Popis článkuVliv holých sečí či rychlého velkoplošného rozpadu lesa na celkový odtok za vegetační období.
[Influence of clearcuttings or impact of rapid broad disintegration of a forest on total run-off by growing seasons] 138 - 144.
|Název článku:||Vliv holých sečí či rychlého velkoplošného rozpadu lesa na celkový odtok za vegetační období|
|Autor:||Vladimír Švihla, František Šach, Vladimír Černohous|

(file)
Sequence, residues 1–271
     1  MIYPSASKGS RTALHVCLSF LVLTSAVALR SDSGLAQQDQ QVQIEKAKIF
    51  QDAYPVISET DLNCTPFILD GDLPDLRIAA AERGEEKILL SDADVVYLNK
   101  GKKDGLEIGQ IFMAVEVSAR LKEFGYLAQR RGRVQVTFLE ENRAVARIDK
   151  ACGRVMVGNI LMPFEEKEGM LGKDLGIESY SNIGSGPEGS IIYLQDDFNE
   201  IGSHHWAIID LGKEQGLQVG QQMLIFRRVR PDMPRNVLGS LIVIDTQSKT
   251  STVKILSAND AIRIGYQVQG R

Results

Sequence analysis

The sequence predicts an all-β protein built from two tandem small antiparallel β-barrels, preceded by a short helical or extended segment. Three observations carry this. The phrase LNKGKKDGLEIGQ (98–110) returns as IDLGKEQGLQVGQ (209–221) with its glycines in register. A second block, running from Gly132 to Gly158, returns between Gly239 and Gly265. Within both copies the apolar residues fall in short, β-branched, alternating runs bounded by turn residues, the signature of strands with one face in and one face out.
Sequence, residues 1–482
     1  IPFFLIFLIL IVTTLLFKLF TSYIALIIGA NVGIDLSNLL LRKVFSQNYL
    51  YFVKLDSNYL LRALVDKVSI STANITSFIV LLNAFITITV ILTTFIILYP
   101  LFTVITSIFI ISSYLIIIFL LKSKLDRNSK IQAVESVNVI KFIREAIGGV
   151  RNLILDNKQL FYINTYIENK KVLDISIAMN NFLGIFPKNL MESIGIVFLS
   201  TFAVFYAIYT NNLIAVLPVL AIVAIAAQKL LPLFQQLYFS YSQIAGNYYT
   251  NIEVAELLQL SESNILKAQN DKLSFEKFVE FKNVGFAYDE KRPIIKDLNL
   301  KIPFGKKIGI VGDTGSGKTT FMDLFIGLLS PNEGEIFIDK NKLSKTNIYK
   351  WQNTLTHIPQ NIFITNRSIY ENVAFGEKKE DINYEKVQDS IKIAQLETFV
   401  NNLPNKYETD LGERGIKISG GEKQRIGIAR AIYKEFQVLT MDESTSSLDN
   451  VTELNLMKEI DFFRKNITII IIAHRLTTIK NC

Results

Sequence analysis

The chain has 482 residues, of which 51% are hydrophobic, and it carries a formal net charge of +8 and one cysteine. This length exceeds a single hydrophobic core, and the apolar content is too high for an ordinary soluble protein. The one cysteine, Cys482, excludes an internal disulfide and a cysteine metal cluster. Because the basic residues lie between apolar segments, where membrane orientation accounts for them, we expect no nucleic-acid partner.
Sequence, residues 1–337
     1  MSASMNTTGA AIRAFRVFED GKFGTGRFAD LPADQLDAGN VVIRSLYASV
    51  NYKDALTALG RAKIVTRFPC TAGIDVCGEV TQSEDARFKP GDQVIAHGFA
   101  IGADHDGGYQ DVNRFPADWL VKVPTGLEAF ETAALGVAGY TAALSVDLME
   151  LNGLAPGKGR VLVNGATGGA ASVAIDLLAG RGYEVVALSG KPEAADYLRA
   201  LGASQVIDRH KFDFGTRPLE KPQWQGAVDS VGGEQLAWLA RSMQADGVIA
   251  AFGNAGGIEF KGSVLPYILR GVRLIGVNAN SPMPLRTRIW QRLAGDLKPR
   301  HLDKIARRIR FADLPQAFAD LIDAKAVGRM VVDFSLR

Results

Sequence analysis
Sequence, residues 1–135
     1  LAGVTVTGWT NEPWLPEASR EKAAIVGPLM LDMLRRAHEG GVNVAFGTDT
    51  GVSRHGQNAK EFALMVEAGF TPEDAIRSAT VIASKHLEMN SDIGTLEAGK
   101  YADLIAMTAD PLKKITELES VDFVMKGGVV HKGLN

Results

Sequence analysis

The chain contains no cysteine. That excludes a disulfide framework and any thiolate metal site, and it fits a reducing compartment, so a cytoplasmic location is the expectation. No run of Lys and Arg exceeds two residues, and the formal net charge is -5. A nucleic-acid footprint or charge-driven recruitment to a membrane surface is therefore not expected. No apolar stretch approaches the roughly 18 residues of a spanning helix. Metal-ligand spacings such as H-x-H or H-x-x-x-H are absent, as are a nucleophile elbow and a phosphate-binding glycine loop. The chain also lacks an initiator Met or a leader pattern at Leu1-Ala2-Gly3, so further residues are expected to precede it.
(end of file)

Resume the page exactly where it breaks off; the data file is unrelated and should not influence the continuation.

Increase of run-off volume in forest catchments after vast timber harvest poses a permanent problem for forest hydrology investigation. Submitted analysis brings a new approach to solve the problem, considering the harvested area to be a complex of the full-grown forest remains, young plantation with advanced growth, and weed-infested cutovers with differentiated run-off. To study the problem, three methods were developed. The first method is based on double sum curve (DSC) model. It determines ratio of sum of run-offs from harvested areas as a complex of full-grown forest remains, young plantation with advanced growth, and clearcuts to run-off from original full-grown forest on the same territory. The second method is based on taking weights of logging into consideration. It determines ratio of run-offs from complex of young plantation with advanced growth and clearcuts to run-off from original full-grown forest. The third method is the method of separation. It solves ratio of run-offs like the second method and moreover it determines ratio of run-offs from full-grown forest to weed-infested cutovers. It was proved correctness of the theory concerning the increase of run-off from a forest after clearcutting. It is in accordance with literature cited in references. Total run-offs increased after vast clearcutting by 1.0–9.6%. Run-off from weed-infested cutovers increased, contrary to that from original full-grown forest stand, by 8–12%. In the Červík catchment the DSC model of continuous representation brought non-uniform outcome of the analysis. For explanation of the whole effect there is a lack of more detailed data, particularly of those concerning forest soil water content. Run-off from full-grown forest during dry periods was always greater than from cutovers.